While many experts believe that some conservatorships can be beneficial, others have argued that they can become a vessel for a conservator to neglect, abuse and steal from a conservatee. In 2010, a Government Accountability Office guardianship review of 20 conservatorship cases found that guardians “stole or otherwise improperly obtained $5.4 million in assets from 158 incapacitate victims”.
Retail manager John Fernandes started the Touch of Rose Project with fellow activists after attending a #FreeBritney rally in New York in 2020. “Britney was first, but now we have so many other people we need to help,” the 31-year-old says. “No matter an individual's condition, physical or psychological, ripping their human and civil rights away because they’re ageing, disabled, or just because you disagree with their decisions is completely wrong.”
Fernandes’ social media project shares information on high-profile conservatorship cases, organises anti-conservatorship rallies and sells merchandise – the profits of which he will use to fund a national “court watchers” initiative to expose abuse in conservatorship hearings.
Rachel, who lives in the UK, admits that she only became a fan of Spears in 2019 after learning about her circumstances. Known on Twitter as @freebritplease, the graphic designer had never heard of a conservatorship before, but educated herself by trawling through court documents and researching anti-conservatorship abuse charities like KasemCares and NASGA (National Association to Stop Guardian Abuse).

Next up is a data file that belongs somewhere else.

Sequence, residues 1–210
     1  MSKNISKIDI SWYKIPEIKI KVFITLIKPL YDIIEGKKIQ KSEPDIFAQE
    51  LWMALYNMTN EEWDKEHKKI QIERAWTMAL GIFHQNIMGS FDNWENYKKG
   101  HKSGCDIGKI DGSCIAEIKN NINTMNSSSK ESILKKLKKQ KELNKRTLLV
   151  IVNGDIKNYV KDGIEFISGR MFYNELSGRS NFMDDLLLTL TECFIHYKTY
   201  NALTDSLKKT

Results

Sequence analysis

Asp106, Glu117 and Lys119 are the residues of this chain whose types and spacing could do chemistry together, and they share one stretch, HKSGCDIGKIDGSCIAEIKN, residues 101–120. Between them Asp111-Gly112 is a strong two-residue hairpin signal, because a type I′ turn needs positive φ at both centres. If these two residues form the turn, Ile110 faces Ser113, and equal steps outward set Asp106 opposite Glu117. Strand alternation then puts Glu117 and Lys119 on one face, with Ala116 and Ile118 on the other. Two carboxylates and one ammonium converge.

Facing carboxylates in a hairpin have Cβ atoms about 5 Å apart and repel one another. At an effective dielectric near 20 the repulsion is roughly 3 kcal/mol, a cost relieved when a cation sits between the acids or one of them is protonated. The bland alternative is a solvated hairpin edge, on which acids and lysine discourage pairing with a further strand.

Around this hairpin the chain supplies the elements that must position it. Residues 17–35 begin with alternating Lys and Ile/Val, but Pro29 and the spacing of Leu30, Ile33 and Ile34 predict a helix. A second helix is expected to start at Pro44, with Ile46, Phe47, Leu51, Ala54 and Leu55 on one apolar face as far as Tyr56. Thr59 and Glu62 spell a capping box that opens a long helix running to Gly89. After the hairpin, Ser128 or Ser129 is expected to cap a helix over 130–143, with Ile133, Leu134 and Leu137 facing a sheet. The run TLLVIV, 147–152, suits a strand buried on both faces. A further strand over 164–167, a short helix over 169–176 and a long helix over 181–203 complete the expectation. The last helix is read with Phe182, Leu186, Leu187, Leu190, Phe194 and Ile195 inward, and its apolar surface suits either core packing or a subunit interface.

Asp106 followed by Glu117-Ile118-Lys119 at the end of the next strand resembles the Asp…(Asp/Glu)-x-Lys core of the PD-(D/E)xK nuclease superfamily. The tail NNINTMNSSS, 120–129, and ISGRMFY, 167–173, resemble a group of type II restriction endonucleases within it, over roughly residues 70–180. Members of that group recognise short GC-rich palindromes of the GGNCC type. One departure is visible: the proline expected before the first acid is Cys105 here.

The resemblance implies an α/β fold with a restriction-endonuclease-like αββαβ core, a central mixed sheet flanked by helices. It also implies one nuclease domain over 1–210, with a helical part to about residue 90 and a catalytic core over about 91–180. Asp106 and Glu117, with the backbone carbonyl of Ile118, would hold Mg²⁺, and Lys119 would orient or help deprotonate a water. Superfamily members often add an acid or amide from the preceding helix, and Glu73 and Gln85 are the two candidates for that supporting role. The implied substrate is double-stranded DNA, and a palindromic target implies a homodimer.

She tells me that throughout the #FreeBritney movement, fans used social media to connect with other anti-conservatorship advocates and the families of victims, “who went on to attend rallies, speak out and validate the corruption happening within the guardianship system”. Now, she shares case updates with her followers and uses her design skills to amplify statistics of conservatorship abuse online.
One of the advocates Rachel connected with was the film producer Angelique Fawcette. Fawcette’s close friend is 89-year-old Nichelle Nichols, who, as Lieutenant Uhura in Star Trek, made history in the 60s as one of the first Black women to be featured in an American television series. Nichols is currently under the court-appointed control of her son, Kyle Johnson. Fawcette is legally disputing the Nichols’ conservatorship, questioning the dementia diagnosis that permitted its implementation and arguing that Nichols is more than capable of making her own decisions. On January 10th, #FreeBritney protestors joined Fawcette and held a rally in Los Angeles calling for Nichols’ conservatorship to be terminated.